Jeff, as BER already said Tarseer weights 1150g without mosquito net and 1210g with the net. Both weights include suspension.
The baffles of the "UQ" are indeed sewn directly to the weight bearing fabric of the hammock creating total of two fabric layers and down between them. I'm not sure why would you expect there to be air gaps, The top insulation is also sewn directly to the weight bearing fabric from its sides and with footbox and hood it creates completely enclosed space in same fashion as in a sleeping bag. If you mean how we make sure that the down doesn't cluster up under your rear area, we have baffles running across the hammock (and top insulation) as well as lengthwise to keep down from moving along the length of the hammock.
Tarseer has only been around for half a year so although we have been using and testing it a lot we can't really speak for long term use. So far we have not noticed any stretch. However we did also have concerns about this matter which is part of the reason why tarseer was designed with sleepers weight being supported as evenly as possible along the entire length of the hammock.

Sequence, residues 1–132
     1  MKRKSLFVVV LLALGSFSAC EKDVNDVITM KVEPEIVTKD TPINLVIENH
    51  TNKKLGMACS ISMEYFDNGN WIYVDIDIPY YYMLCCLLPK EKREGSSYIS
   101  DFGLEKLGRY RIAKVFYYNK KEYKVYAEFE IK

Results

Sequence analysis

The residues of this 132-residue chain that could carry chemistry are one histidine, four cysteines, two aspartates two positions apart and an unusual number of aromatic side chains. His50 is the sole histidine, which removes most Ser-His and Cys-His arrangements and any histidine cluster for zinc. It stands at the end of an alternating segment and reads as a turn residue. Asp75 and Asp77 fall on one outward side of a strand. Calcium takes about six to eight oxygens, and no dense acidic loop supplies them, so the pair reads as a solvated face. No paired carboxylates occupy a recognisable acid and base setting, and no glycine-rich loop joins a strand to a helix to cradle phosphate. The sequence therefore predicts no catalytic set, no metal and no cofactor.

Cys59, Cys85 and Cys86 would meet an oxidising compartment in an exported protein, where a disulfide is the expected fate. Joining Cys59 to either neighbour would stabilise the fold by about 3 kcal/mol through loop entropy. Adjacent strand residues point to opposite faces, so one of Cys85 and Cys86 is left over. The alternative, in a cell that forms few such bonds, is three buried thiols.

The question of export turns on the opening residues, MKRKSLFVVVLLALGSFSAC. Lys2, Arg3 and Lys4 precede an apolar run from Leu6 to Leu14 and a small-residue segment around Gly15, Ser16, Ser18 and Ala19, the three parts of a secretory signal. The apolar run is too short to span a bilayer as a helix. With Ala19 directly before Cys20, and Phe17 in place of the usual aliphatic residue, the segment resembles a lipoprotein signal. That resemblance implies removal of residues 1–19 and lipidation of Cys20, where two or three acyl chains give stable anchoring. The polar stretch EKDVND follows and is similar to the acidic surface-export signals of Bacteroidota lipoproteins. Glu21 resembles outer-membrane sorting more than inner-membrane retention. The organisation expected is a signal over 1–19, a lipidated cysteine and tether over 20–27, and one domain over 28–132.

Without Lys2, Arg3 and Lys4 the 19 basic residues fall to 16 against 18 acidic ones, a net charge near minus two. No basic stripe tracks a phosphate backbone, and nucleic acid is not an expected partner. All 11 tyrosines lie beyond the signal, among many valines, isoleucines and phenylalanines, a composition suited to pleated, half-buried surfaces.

Billy (and why not everyone else as well) As there is not as far as I'm aware standardized temperature rating system for hammock insulation similar to system used with sleeping bags, I think it's best compare quality and amount of insulation between different products rather than the given temperature ratings. One manufacturer might have a very different idea about 30F comfort than an other. However this is not to say that I'd think weight estimations for setup described by you would be incorrect in any way.
I would think that zero-C is more like a summer setup for you in Finland. What about going colder? I mean, I'm sure you're conservative in your rating, but what would you recommend for going to below 20-F for example (since I don't know what that is in C)? A pad? I presume that your setup might work well with a pad.
Terve MadTree, I woke up with a thought. Would it be possible and/or desirable to make the hammock with zippered-on top insulations, and offer your choice of summer, 3-season, and winter rated top insulation, that you could zip on as conditions change? It would probably increase the weight a tiny bit with the zipper weight, but it would increase versatility.
On south coast 30F comfort would cover April to Novermber and in northmost Finland May to September.